As Nottinghamshire County Council pledges an extra £20 million to the highways capital programme, we take a look at some things you may not know about potholes. The money brings the total investment in fixing the county’s roads to £142 million – the highest amount in more than a decade.
A spokesman for Nottinghamshire County Council said: “The investment will be focused on roads assessed as being likely to deteriorate in the next few years.”
Roads in residential areas will also benefit from the scheme, the County Council said.
- Potholes are caused when a road repeatedly freezes and thaws out as temperature changes cause damage to the road surface. Potholes can appear at any time, but they are most common from this time of year up to early spring, due to the cold weather. Pothole reporting website fillthathole.org.uk shows that 31 potholes in Nottinghamshire have been reported in 2018, compared to four in August 2017.
- There are four different types of potholes. All potholes are inspected after being reported and placed into one of the following:
-Emergency work: repaired within 2 hours
-Category 1: repaired by the end of the next working day
-Category 2 high: repaired within 7 days
-Category 2 low: repaired within 28 days
- Ever wondered why a pothole has taken so long to be repaired, or hasn’t been repaired at all? A pothole must be at least 20mm deep for the council to fix it, and 40mm deep for it to be considered a safety concern. Nottinghamshire County Council said: “We have to prioritise our repair programme as maintenance funding is limited.” – this may no longer be an issue with the extra money invested.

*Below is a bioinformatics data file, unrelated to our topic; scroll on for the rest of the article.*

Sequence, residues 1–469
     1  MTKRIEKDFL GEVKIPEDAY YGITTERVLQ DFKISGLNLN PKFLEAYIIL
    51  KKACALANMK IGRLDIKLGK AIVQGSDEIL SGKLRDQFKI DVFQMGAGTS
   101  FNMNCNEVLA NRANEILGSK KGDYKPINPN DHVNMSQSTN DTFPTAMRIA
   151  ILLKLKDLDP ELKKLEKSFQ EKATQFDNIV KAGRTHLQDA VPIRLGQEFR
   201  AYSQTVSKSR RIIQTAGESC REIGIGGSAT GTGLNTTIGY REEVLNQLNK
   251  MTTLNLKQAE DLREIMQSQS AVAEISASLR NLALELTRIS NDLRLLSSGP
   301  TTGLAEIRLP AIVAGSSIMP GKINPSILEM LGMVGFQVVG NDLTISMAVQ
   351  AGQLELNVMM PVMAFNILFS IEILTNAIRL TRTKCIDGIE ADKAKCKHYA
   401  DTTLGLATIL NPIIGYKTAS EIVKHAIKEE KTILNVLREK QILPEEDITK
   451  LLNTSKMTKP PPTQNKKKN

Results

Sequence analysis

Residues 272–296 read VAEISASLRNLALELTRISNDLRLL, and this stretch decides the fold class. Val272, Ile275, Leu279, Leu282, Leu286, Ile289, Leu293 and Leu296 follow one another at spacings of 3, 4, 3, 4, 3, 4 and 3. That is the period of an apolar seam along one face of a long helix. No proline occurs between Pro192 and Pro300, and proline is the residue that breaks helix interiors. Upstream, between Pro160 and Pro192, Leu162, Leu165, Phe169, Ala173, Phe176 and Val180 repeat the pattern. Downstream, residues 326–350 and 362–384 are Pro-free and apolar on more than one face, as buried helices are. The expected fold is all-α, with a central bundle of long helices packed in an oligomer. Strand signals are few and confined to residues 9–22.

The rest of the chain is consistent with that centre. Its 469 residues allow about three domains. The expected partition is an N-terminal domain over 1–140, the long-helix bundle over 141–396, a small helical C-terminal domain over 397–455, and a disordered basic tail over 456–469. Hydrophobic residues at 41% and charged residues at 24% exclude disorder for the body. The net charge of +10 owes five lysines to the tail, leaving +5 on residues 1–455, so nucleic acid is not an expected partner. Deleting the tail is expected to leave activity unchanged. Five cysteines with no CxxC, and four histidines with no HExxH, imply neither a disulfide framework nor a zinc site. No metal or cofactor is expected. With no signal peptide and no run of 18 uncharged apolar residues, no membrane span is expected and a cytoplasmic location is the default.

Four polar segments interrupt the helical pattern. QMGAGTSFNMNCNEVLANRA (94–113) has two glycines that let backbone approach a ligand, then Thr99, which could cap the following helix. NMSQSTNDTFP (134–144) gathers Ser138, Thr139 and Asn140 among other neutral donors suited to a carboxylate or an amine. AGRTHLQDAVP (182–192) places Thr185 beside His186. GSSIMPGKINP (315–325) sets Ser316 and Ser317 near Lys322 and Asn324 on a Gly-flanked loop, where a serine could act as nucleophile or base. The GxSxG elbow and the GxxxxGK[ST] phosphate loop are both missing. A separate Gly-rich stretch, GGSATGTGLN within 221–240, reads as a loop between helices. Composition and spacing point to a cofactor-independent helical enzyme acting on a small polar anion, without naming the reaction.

- Plumtree, a village in Rushcliffe, held a birthday party in 2017 for a pothole that had been on their street for two years; complete with birthday cake.
— Plumtree People (@PlumtreePeople) March 30, 2017
- Different types of potholes require different methods of being fixed. If you have reported multiple potholes on one road and the council come to fix one but not the other, this may be because they only have the right materials with them to fix one. Small potholes are filled with a liquid, while tarmac is used for larger potholes. Roads with lots of potholes may even need to be completely resurfaced, these are the kinds of roads which the £20 million pledged will be used on.
- Nottingham roads are only inspected for damage once a year. If a pothole has been on a road for a long time and has neither been repaired nor marked then the council may not know about it. You should use the online form to report any pothole you’re aware of to ensure the council are able to fix it promptly.
- University of Nottingham led a study to find longer-lasting materials for resurfacing roads, where engineer Dr Garcia found that sunflower oil could be used to self heal roads and prevent potholes from occurring in the first place. Highways England is now trialling this method in parts of the country.
- If your car has been damaged by a pothole, you have the right to claim for the damage caused. In 2015, a total of 33 claims were made to Nottingham City Council for damage caused to wheels by potholes, with four being successful.